Twice Liberated by Frederica Mathewes-Green

Twice Liberated

A Personal Journey Through Feminism

by Frederica Mathewes-Green

When I joined the college newspaper as a shy freshman many years ago, the editor gave me my first assignment: “Find out what’s all this stuff about women’s lib.” I was baffled as to how to do that; reports of feminism (which was then uniformly called “women’s lib”) were just beginning to titillate the public, just beginning to show up in Johnny Carson jokes about “bra-burners.” Was it possible to dig up any local “libbers”? My editor had a suggestion: go to the Student Union and have them announce over the loudspeaker, “Anyone representing the women’s liberation movement, please come to the information desk.”

It is intriguing to picture what would happen if such a message were announced from that same desk today. But in September 1970, there was a slight pause before two women came steaming up, glowing with the zealot’s inner flame. Kathy and Rosa steered me into the lounge, where they opened to me the hidden knowledge of women’s oppression through the ages. As they expounded this mystic wisdom, I began to nod. I liked what I was hearing.

I was ready to believe in something. I had spurned my Roman Catholic upbringing a few years before, and spent the high school years strumming anti-war songs at a hip Unitarian church (our elfin pastor was fond of repunctuating St. John: “God is. Love!”) It was deep, of course, but somehow it wasn’t enough, sharing superior smiles with the elbow-patch crowd and sneering at Nixon. We were pledged to reject any conviction more precise than that people are grand and everyone should be nicer to each other. I was seventeen, and I was looking for deeper convictions.

So when my first campus byline appeared a week later, it was over a story that cautiously endorsed the “libbers,” and I continued my catechesis under Kathy and Rosa. The prototype version of women’s lib that they initiated me into was still searching for a focus. The movement understood itself as firmly underground, and was self-consciously counter-cultural, even deliberately crude (a favorite slogan was “Next time bite it off!”) Wearing suits with little bow ties and carrying briefcases was the farthest thing from our minds. We ridiculed men who wore suits.

The movement was a spontaneous, uncoordinated explosion of energy and anger without a clear plan and, in our case, amply fertilized by the pungent manure of ignorance. Childless, we talked about using communal baby farms to free women from the awful burden of caring for their own children. Sexual neophytes, we talked earnestly about the Myth of the Vaginal Orgasm. Naive girls’ dorm dwellers, we sought out the town’s lesbian bar, where we were invited to dance by very serious older women with arms like sides of beef. In my own body I evidenced the confused zeal of the time: I stopped shaving my legs but continued plucking my eyebrows.

However, in a phase of the movement’s life when it was strongly associated with the term man-haters, we generally got along well with men. Most of us remained enthusiastically heterosexual. We were in harmony with our brothers in the overall hippie counter-cultural agenda, and our enemies were not men, but straights (meaning, in those days, non-dopers), Young Republicans, Jesus Freaks, and the Establishment.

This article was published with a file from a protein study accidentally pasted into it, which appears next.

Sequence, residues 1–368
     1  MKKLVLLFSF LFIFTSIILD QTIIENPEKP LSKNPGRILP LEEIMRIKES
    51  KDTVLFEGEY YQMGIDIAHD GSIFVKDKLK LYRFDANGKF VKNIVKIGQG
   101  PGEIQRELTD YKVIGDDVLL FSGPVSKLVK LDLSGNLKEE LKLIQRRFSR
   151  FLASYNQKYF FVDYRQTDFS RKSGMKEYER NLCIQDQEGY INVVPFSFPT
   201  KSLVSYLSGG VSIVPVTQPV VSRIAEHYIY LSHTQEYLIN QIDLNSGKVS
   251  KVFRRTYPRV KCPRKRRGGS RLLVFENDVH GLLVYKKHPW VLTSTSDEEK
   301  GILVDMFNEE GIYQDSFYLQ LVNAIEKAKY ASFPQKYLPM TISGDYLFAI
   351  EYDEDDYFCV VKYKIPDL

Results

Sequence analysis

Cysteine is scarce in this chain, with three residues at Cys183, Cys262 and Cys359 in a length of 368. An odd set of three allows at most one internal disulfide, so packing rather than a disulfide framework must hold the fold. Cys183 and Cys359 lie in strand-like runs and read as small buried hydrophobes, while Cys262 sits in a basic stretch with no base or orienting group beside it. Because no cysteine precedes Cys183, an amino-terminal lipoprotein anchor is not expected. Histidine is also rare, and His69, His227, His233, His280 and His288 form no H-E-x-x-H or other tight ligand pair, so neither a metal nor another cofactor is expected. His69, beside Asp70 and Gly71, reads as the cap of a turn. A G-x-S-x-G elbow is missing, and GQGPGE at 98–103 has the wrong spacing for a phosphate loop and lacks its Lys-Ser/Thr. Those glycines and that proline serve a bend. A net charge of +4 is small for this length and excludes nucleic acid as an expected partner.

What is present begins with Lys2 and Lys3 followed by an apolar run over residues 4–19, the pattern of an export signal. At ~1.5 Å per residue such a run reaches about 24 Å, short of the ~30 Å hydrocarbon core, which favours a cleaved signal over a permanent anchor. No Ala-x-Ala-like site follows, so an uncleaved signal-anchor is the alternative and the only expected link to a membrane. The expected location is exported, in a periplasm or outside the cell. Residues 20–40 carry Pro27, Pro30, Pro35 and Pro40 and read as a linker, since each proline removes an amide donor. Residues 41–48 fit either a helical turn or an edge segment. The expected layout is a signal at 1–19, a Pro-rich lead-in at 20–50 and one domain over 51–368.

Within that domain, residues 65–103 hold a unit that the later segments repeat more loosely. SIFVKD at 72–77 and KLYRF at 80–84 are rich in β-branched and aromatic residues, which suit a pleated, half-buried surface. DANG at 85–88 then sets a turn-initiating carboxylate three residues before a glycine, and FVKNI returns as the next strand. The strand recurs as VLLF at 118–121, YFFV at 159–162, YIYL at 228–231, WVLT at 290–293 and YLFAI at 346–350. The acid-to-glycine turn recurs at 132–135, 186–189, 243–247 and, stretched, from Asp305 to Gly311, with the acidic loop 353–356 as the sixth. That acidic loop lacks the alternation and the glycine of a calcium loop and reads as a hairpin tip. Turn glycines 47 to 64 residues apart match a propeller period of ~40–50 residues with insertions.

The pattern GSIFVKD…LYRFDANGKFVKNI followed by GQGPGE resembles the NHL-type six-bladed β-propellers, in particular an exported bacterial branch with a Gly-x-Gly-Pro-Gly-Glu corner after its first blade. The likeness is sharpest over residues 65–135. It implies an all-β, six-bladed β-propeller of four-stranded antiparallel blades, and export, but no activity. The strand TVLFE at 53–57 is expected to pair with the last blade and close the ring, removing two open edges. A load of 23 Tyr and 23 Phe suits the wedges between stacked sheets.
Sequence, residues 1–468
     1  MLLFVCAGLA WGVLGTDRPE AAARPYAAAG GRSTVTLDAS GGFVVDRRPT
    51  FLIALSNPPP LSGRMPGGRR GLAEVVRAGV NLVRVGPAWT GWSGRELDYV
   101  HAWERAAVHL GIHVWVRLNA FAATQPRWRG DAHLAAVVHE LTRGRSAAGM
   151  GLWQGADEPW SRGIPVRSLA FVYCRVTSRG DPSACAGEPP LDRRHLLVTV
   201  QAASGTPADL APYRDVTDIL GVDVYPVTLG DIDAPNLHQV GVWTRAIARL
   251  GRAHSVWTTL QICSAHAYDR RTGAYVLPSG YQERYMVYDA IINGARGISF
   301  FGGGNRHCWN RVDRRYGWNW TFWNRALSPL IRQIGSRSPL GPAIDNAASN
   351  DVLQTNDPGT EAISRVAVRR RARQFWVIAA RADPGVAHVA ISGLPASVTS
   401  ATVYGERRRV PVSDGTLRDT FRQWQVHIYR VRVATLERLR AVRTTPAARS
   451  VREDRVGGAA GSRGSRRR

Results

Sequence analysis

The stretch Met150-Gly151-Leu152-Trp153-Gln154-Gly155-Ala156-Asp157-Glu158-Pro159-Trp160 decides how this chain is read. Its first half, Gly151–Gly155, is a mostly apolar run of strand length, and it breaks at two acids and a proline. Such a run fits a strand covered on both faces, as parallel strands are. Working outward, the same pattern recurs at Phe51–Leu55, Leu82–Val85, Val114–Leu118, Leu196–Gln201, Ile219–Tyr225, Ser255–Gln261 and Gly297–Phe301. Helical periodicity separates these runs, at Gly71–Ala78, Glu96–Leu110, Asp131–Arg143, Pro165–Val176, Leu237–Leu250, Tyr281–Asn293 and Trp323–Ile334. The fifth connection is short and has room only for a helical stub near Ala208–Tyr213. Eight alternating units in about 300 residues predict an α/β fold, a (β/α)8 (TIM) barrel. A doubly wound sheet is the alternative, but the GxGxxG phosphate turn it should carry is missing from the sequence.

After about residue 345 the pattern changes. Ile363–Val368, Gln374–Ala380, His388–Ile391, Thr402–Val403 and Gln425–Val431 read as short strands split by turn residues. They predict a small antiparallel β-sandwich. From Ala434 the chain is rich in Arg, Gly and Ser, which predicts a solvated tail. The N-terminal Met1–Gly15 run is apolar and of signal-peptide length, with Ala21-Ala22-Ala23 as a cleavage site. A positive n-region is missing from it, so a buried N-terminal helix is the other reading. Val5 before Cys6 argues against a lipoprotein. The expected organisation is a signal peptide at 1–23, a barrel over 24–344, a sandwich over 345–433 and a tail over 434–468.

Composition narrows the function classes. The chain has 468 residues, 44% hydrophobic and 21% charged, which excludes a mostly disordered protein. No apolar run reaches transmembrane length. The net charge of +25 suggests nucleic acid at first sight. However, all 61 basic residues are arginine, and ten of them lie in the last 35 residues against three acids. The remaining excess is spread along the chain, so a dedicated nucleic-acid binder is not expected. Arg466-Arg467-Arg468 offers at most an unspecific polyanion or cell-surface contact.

In my senior year a movement buddy stopped me in a hallway. She was ecstatic with the news: a woman had won a top executive job at AT&T, wasn’t it great? No, I said, bewildered. What do we want executive jobs for? It’s just co-optation, getting sucked into the establishment. The women’s movement is not about trying to get a bigger piece of the pie. We’re talking about a different kind of pie altogether.

Someone scheduled a debate for an empty classroom; I represented the counterculture side. We’re selling out, I said. We didn’t start this revolution to end up with our representatives wearing suits and gold jewelry and looking important on TV. Remember Joni Mitchell singing, “You could have been more than a name on the door on the 33d floor in the air”? Remember Harry Chapin singing about the executive father too busy to see his son, and the son saying, “I’m gonna be like you, Dad”? Didn’t we reject all that careerism and materialism as deadening to the soul? Why in the world would we want it now?

I don’t recall if I won the debate; my position certainly did not win the war. Feminism now is, as Naomi Wolf cogently demonstrates in her new book Fire with Fire, split between Victim Feminism (self-defeating poutiness and man-blaming) and Power Feminism, which she champions. Wolf cites three principles for Power Feminism: Retaliation, Money and Worldly Power, and Victory. If nothing else, it is refreshing to hear the underlying values of this philosophy described so baldly.

Frederica Mathewes-Green is a columnist for and a contributor to the Christian Millennial History Project multi-volume series. Her books include At the Corner of East and Now (Putnam), The Illumined Heart (Paraclete Press), and The Open Door: Entering the Sanctuary of Icons and Prayer (Paraclete Press). She lives in Linthicum, Maryland, with her husband Fr. Gregory, pastor of Holy Cross Orthodox Church. They have three children and three grandchildren.

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